We had a long day ahead of us on summit day, and, per usual, there was a chance of afternoon rain, so we were up before the sun, well, well before the sun (read: when all sane people are sleeping). We grabbed our stuff and headed to Georgetown, CO, just about an hour from our home in Boulder, to get on with our adventure.
Until we got to the road that leads to the parking area I had forgotten about the fact that Brian was once concerned we wouldn't be able to do this hike; he wasn't sure our car would have the the capability to get up the three mile long road that leads to the trailhead. As soon as we turned onto the road, which a coworker had informed Brian was not so bad, I remembered our past conversation and held on for dear life. I was convinced that we would bottom out on a giant rock -- there were probably a million to choose from...err...avoid -- or I would receive a concussion from being bounced around the Fit like I was a pingpong ball. Both incidents were avoided, and after much jostling, we arrived at the parking lot, which was almost entirely full. Luckily, a gentleman in a big truck decided to move his vehicle over and make room for our little ride.
We were on the trailhead in time to watch the sun rise over the peaks, which was breathtakingly gorgeous. As we walked along the trail, we were passing a number of other groups; and while this made me feel like I really had my Colorado legs and lungs, I knew what it really meant. You see, there is the standard route, which takes a person from Gray's to Torrey's, and then there is the non-standard route, which takes a person to those same peaks in reverse order via the Kelso Ridge. Despite the both of us being tired, and despite my suggestion to take the standard route, we were about to embark on the alternate route, you know, to avoid the crowds and get the better views (Brian's words).
And while the name Kelso conjured images of a dreamy Ashton Kutcher, the route was work, really hard work! We spent the better part of the morning, a good three+ hours, moving along the ridge. The route was a combination of Class 2, 3 and 4 climbing; for those not well-versed in the lingo, the majority of the hike was us alternating between a loosely defined, narrow trail and vast stretches of fallen rock, which were rather steep and precarious.
I am not proud to admit this, but had you been hiking near me, and other than Brian, nobody was anywhere near me (remember: we avoid the crowds and the easy/direct routes), you would have heard a curse word or two. Despite my best efforts to avoid them, they seemed to slip out any time I would make the mistak of resting my hands on my limp noodle legs and looking toward the summit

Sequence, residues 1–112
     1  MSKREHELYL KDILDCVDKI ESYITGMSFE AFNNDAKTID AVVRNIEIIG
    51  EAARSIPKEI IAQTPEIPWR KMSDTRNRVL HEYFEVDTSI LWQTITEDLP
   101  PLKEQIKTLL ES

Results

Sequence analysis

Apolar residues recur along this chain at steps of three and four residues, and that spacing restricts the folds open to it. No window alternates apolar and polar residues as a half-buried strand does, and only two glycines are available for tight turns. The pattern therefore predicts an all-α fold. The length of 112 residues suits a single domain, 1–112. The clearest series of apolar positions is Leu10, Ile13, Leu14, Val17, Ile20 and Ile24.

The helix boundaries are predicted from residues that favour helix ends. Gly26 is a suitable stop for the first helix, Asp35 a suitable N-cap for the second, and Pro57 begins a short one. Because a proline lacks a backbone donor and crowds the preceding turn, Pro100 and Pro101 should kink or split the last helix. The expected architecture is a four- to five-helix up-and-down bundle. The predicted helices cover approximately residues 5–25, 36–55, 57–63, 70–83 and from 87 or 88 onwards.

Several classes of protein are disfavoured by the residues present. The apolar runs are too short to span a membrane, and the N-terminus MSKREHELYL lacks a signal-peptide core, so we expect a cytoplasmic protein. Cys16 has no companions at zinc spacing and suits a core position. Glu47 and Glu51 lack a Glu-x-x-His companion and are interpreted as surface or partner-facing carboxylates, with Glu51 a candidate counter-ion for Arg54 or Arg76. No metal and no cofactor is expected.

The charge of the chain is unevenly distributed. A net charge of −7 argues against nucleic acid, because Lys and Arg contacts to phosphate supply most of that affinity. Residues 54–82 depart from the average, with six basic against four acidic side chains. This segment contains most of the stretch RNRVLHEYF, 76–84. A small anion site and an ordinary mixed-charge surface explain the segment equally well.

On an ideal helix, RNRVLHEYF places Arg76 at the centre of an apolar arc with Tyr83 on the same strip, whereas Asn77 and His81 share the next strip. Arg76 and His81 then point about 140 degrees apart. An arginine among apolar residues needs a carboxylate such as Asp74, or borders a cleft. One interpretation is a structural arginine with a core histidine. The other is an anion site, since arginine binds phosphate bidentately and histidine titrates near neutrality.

Alas, we did make it to the summit of Torrey's, and I was filled with the same sense of accomplishment I had been filled with on our previous summits. Perhaps I was even a bit more excited; after all, I had worked really, really hard on this one! We did not stay on the summit for long. We had work to do still, and the clouds were rolling in much faster than we would have liked.
We quickly made our way down from the summit and over the the trail leading to Gray's Peak. Admittedly, we were both tired, but considering the work we had just done, the hike to Gray's was a piece of cake, and we were on our second summit of the day in no time. We took pictures, ate our lunch and enjoyed another celebratory Ale-8. We both probably needed the caffeine kick to get up back to the car. There were so many people on Gray's, it was unreal (and later, when we got back to the parking lot and road, it all made sense. There had to be more than 60 cars there!). Regardless, we took some time to bask in the glory of being up so high - and getting there using our own two feet - and then looked at the clouds and decided we needed to get back to the car if we didn't want to be stuck on the trail with 100 of our closest friends, dodging raindrops and hiding from lightning.
The hike back was tough on the knees, and the final mile of the trail seemed to last forever, but we got back to the car, braved the rocky road and stopped off in Idaho Springs for a much needed hot meal. We got back to our condo more than 12 hours after leaving, but this very long day turned out to be very worthwhile. It is another shared experience that Brian and I have to look back on; it is another instance of doing something challenging and rewarding; it is another instance of getting out and doing, of living life to its fullest, and this summer has been all about that!
|Brian on the Kelso Ridge|
|Keeping with tradition - enjoying an Ale-8 on each summit|
|Hiking up the Kelso Ridge, summoning strength to open our treat and enjoying all the hard work|
For whatever reason, when on the plane home to Wisconsin the other day, it hit me. When the flight attendant announced that we had reached 10, 000 feet and electronic devices could be used, I was looking out the window. It occurred to me, very concretely, that I had hiked more than 4, 000 feet higher than the plan was cruising at (a few times this summer). Realizing how high that is, and remember how much work it takes to get there, made the whole process that much more rewarding.